• Ensure your OS and other software used is patched regularly.

Relax. Your security is Intact.

Author: Intact Security


How To Tell If You Are Under Attack!

Posted on by Martin Quinn in Security Blog Leave a comment

By Samantha Woollard (Internet Security Specialist) 13 February 2017

35% of all cyber attacks are never detected and 54% of attacks go unnoticed for months, even years, leaving the bad guy to continually access your systems to steal more and more information every day. Not sure if you have been breached? Don’t know how to identify an attack within your systems? Below is a list of advice to help discover if your company is under attack.

  • There has been a sudden rise in your network traffic. It could be one of two things; your new blog post is extremely interesting or you are under attack.
  • An escalation of malformed data packets has been sent through your network and a large amount have been caught by your firewall.
  • An increase in failed log in attempts have been logged. An attacker may be trying to brute force into your network or application.
  • After monitoring your network for some time, day-to-day trends appear. However, lately the patterns in your traffic have been inaccurate. You should investigate further into this matter.
  • Alerts have been picked up by your Intrusion Detection System (IDS), but IT have not had the time to examine them all. Ensure that all priority alerts are handled first.
  • There has been unusual activity within accounts including administrative, such as the time they authenticated, actions that were carried out, what information they were accessing/editing.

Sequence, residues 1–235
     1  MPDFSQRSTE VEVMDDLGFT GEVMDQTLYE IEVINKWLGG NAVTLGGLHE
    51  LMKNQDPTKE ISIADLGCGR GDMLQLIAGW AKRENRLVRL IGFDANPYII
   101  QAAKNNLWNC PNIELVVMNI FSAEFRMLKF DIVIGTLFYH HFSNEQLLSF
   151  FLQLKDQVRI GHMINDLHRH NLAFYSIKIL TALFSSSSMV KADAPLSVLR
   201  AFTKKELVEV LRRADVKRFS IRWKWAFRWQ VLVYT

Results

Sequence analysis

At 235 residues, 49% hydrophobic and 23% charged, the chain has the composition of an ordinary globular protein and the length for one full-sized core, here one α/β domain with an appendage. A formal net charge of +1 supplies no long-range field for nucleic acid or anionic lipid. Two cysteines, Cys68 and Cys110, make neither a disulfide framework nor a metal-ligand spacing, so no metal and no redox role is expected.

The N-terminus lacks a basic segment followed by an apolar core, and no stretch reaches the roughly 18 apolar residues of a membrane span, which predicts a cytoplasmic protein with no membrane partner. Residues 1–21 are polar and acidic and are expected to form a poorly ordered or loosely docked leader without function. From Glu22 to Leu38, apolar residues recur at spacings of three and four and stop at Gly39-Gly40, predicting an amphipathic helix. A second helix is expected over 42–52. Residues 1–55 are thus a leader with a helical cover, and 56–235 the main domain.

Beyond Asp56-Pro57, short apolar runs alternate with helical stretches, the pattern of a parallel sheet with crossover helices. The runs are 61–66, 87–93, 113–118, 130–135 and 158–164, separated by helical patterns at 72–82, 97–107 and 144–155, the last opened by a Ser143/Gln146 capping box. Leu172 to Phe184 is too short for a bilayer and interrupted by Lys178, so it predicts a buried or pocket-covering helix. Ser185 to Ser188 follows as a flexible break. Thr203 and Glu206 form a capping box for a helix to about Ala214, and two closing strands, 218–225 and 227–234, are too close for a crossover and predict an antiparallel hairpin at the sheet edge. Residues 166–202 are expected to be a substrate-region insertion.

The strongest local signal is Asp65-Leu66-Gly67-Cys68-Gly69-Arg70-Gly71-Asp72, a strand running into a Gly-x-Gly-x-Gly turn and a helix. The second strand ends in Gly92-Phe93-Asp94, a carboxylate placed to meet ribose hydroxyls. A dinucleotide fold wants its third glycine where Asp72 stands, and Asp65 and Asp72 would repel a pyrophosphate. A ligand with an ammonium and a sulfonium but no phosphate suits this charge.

• Everything within System32 has a Microsoft signature. If something is running from System32 without the signature then it is malware.

Other behaviour all employees should be aware of:

  • Your work machine has got extremely slow at even completing the simplest of tasks.
  • New programs that you did not install are now present.
  • Your anti-virus has stopped running. To avoid detection, an attacker may disable your anti-virus so they can continue being undetected.
  • Fake emails from co-workers that contain attachments. These attachments could contain malicious software such as ransomware.
  • Random acts happening on your screen that are not in your control; e.g movement of your cursor which is landing correctly and performing actions.
  • Passwords for accounts have been changed.
  • Your web camera light comes on when you are not using it.

Even if your computer is functioning, does not mean that you have not been breached. It is important to report any peculiar signs to your IT team.

In 2017, cyber attacks are becoming as common as breathing. There is no way to completely obliterate the risk of being hacked but if you are smart about your security and vigilant of the pit falls, you will certainly decrease your chance of attack greatly. What do you do if you have been breached? Read next week’s issue to find out.

Still not convinced that you will get breached? Fortinet track real-time threats across the world that our caught by their customers’ FortiGate firewalls. To see the live global threat map, click here!

Relax. Your security is Intact.

Author: Intact Security